With Sentinel-5 Precursor about to be packed up and shipped to Russia for liftoff in late September, media representatives, members of the UK Space Agency and National Centre for Earth Observation had the chance to see this Copernicus air-pollution monitoring satellite standing proud in the cleanroom.
Sentinel-5 Precursor – also known as Sentinel-5P – is the first Copernicus mission dedicated to monitoring our atmosphere.
It has been built to map a multitude of trace gases such as nitrogen dioxide, carbon monoxide and methane that affect air quality.
The satellite will help to identify pollution hotspots where public health could be at risk. It will also contribute to services that warn of high levels of UV radiation, which can cause skin cancer, and volcanic ash monitoring for aviation safety.
Carrying the Tropomi instrument, the most advanced of its kind, Sentinel-5P will map the entire planet every 24 hours. The availability of accurate and up-to-date information will help decision-makers to fight air pollution and climate change.
Sentinel-5P is the forerunner of the Sentinel-5 mission to be carried on the MetOp Second Generation satellites that will be launched in a few years. Until then Sentinel-5P will deliver much needed information to monitor and track air pollution.
The media event was held at Airbus Defence and Space in Stevenage, UK, where the satellite was built and tested.
ESA’s Director of Earth Observation Programmes, Josef Aschbacher, said, “It’s wonderful to see the satellite in all its glory, and it’s thanks to a truly collaborative effort that it will take the EC’s Copernicus programme into a new era of atmospheric monitoring.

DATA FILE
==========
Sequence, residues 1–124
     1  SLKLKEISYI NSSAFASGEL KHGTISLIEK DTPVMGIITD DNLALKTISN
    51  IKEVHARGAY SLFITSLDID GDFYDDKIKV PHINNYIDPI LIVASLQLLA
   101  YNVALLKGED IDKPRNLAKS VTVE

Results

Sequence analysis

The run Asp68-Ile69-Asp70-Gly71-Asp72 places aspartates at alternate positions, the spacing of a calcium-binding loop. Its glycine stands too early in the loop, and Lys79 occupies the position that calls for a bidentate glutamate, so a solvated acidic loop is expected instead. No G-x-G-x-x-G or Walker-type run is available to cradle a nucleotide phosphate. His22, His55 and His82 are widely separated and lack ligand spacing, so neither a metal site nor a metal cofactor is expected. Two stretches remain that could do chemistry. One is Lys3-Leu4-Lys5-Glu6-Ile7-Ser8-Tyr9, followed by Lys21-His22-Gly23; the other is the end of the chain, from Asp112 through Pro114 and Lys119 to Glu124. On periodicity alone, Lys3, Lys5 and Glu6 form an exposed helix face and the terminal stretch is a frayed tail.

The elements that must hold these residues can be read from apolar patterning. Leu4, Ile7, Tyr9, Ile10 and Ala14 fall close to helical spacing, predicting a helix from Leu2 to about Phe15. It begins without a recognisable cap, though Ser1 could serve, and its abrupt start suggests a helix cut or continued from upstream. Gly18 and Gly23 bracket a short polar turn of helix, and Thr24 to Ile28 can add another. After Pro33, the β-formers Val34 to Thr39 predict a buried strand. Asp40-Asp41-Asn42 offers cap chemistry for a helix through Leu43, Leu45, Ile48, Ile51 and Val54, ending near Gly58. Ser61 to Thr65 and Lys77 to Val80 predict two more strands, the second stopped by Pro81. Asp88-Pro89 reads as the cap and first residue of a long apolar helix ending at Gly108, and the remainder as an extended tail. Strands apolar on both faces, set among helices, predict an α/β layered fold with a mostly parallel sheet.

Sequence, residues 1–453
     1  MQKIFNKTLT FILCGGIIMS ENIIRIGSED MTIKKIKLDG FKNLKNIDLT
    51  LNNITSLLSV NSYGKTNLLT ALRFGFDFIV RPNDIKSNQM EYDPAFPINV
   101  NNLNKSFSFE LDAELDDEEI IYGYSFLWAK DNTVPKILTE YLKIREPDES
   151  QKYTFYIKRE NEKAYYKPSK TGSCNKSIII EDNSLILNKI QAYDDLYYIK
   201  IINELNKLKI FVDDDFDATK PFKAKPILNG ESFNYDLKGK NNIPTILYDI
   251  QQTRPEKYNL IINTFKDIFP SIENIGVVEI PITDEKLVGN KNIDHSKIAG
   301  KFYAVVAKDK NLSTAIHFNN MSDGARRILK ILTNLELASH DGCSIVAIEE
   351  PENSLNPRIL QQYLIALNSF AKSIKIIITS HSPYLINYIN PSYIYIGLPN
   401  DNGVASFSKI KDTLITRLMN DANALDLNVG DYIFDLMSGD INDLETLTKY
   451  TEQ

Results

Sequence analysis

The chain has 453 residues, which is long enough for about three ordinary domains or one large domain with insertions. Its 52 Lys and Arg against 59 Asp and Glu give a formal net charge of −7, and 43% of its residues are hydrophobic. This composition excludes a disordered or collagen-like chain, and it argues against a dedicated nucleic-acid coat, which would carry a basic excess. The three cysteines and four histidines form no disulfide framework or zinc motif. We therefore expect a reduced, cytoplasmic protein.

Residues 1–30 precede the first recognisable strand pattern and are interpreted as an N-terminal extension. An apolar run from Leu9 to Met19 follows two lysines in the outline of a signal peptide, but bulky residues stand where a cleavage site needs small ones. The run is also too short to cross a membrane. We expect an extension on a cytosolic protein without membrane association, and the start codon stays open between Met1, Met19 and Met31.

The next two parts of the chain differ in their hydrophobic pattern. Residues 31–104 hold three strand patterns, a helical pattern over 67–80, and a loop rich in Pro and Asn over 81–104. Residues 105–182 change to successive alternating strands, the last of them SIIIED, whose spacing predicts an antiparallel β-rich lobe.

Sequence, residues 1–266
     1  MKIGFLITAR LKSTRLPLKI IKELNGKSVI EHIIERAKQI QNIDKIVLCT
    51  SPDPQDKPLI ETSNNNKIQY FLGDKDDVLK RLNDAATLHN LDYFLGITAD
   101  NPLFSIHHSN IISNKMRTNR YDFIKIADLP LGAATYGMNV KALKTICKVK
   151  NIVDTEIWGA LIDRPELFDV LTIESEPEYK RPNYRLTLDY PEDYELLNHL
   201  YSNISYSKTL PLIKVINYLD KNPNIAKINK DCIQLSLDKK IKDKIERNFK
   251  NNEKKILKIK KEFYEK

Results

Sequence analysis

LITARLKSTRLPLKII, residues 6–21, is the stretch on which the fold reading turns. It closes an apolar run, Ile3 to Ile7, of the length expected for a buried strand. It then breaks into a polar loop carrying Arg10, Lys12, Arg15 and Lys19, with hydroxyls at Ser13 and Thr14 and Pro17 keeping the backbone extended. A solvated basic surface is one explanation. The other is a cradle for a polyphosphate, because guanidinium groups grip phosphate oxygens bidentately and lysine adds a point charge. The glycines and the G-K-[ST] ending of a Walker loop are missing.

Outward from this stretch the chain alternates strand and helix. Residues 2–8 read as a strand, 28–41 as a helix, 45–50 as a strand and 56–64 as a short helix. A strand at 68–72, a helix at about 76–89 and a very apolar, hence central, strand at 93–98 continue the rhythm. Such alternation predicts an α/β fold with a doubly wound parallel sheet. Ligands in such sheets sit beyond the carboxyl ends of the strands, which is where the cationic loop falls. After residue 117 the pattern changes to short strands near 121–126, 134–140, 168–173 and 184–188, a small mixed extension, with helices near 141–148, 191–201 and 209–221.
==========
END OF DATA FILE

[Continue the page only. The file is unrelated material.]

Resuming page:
“ESA is very grateful to the Netherlands for its substantial contribution to the Tropomi instrument. The mission as a whole was designed and built by a consortium of 30 companies under the leadership of Airbus Defence and Space.”
Nico van Putten, Deputy Director of the Netherlands Space Office, added, “The development and the implementation of the top-notch Tropomi instrument for Sentinel-5P is thanks to the remarkable close cooperation between different entities from all over Europe.
“As a Dutch institution we are proud to contribute to this marvel of space technology, which will now help to tackle global challenges, making Europe even stronger in Earth observation.”
Pepijn Veefkind from the Royal Netherlands Meteorological Institute, KNMI, added, “Every day, Tropomi will make almost 20 million observations of important air pollutants and gases affecting the climate.
“KNMI will use this data to improve air-quality forecasts and to keep a close eye on emission increases or reductions, and to monitor what mitigation measures are effective in protecting the air we breathe.”
Engineers will now prepare the satellite for shipment to the Plesetsk launch site in Russia. Once there it will be thoroughly tested and prepared for launch in late September.